|Emerge Energy Services||12.1%||1.1||46.70%|
As seen in the above table, both US Silica and CARBO Ceramics, as the two lowest yielding proppant suppliers, are well able to support their dividends though strong payout ratios (presented here as a dividend coverage ratio). The two MLPs, Hi-Crush and Emerge Energy, may appear less safe; however, it should be understood that any distribution coverage ratio of greater than 1.1 is generally considered safe and able to support distribution growth in the future.
Note that despite the recent oil price decline, Wall Street Analysts are still expecting all four companies to strongly grow their payouts over the next five years. While these are only estimates and should thus be understood to be educated guesses (which may decline in the coming quarters if oil prices remain low) there are two reasons to believe these proppant companies will be able to grow their payouts even in a world of cheaper oil.
Long-term contracts and continued oil production growth protect the payouts
The first factor is that, according to Enterprise Products Partners -- America's second largest oil and gas pipeline operator -- U.S. oil production will still rise over the coming year, just slower than previously expected.
Part of the reason U.S. oil production has been growing so quickly is because of improved fracking techniques, such as increased frac stages, closer spaced wells, and increased use of frac sand. According to the Energy Information Administration, the average production per well has quadrupled over the last four years, partially because of the more than doubling of frac sand per well from 2,500 tons to 5000 tons. In fact, US Silica has reported that some of its clients are pumping 8,000 tons of sand into each of their wells because they've found that the more sand they use, the higher their ultimate oil and gas recovery rates.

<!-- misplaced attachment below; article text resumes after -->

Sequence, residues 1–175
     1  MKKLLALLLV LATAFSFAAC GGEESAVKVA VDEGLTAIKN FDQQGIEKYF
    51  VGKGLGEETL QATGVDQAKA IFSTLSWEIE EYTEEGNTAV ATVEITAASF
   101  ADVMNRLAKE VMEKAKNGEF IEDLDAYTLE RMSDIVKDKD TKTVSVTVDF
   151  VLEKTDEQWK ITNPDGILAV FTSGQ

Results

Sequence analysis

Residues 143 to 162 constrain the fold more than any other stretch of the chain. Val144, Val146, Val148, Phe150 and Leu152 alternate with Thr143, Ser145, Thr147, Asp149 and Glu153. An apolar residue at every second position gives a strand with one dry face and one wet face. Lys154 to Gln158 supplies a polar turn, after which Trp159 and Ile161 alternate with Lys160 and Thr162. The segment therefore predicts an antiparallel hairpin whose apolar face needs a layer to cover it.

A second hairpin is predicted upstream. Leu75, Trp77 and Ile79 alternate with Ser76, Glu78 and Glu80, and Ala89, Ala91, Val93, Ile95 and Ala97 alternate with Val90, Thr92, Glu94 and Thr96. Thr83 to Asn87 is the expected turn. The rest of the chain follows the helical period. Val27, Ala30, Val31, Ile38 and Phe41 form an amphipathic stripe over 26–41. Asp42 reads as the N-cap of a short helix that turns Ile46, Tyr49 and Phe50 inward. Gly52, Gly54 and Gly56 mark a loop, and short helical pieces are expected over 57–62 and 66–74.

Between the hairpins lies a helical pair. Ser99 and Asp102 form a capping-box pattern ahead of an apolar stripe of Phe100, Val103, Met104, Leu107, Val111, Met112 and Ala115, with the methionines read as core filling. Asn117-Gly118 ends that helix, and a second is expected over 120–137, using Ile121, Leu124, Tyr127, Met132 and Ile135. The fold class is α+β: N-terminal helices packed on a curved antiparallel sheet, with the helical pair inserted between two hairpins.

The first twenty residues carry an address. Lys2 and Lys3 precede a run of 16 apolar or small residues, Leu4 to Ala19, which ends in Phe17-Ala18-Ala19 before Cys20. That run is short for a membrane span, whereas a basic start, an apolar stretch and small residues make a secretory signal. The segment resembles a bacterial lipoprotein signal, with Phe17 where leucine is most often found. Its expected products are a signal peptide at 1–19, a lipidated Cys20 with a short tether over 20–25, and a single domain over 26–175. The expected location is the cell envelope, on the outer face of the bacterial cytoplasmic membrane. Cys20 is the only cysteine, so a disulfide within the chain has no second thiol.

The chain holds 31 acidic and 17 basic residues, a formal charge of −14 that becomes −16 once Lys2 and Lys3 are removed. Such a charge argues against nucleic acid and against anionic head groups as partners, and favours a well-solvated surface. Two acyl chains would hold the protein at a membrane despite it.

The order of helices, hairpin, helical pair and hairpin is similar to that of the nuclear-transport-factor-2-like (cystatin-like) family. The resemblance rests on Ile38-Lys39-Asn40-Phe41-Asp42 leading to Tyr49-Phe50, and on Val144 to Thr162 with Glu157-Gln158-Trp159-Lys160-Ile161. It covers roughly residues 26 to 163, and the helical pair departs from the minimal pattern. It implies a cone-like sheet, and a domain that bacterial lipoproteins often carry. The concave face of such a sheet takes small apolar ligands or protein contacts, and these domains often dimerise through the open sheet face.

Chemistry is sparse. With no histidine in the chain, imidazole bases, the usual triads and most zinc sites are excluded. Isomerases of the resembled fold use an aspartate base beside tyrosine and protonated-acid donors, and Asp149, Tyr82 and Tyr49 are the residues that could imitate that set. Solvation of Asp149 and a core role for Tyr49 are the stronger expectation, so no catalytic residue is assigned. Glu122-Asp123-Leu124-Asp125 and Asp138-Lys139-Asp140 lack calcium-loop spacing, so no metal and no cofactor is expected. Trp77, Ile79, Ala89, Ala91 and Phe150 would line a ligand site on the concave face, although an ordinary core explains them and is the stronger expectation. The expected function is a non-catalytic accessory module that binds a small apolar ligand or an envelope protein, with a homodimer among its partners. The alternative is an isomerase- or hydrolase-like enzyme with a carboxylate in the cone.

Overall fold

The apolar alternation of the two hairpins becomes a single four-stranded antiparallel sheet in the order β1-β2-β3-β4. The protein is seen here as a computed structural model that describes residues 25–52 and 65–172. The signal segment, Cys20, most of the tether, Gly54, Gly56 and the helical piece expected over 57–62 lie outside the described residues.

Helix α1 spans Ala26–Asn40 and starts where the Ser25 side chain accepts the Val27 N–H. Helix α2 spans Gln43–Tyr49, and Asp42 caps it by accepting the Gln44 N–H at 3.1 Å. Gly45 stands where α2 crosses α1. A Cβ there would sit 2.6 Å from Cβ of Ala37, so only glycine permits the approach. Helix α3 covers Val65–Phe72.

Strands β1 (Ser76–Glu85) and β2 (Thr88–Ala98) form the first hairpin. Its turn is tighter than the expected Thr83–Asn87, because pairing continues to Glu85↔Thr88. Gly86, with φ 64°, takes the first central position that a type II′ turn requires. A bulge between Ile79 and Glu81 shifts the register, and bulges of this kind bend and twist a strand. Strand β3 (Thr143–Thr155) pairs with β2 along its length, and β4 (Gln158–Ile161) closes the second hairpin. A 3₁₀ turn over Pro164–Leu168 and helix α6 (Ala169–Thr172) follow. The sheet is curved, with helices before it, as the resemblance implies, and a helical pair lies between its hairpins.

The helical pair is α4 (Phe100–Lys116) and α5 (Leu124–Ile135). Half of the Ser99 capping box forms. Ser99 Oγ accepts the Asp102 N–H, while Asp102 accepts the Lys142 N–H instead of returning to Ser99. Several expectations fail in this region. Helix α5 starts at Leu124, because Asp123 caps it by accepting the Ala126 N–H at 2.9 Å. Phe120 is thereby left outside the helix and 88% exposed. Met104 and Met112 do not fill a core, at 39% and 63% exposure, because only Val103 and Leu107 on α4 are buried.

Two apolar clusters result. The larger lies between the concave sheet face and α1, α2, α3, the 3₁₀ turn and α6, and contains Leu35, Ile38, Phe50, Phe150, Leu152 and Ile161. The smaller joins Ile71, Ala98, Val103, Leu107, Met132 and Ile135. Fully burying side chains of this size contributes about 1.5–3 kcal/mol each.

Thus, it's possible oil and gas producers may turn to proppant suppliers as a relatively cheap way of boosting production, because the cheaper price of oil means that maximizing profitability per well is all the more important.
Also, even if oil prices were to remain low and drilling activity were to slow, US Silica, Emerge Energy, and Hi-Crush Partners all have the vast majority of their capacity accounted for in 2015 and beyond through long-term contracts. US Silica is sold out of its capacity until mid-2018, Hi-Crush Partners has 88% of its 2015 capacity under take or pay contract, and Emerge Energy is the best protected of all, with 87% of its 9.4 million tons of capacity (including expansion projects under way) under contract through the first quarter of 2019.
Bottom line: Now is the time to dive into these frac sand shares
The simple truth is that the best time to buy great companies for the long term is when there is blood in the streets and others are racing for the exits. Well, these four quality proppant suppliers, the pick and shovel makers for America's shale oil and gas revolution, are now thoroughly bloody. With these companies now at historically undervalued levels, and yielding more than triple the market's payout, I think now is the time for investors to snatch up shares of US Silica, Emerge Energy Services, CARBO Ceramics, and Hi-Crush Partners for the long term. Their strong balance sheets combined with several years of highly profitable contracts in place and secure payout coverage ratios increases the probability that these firms should be able to weather the current oilpocolypse just fine -- while hopefully generating large capital gains and income in the years ahead.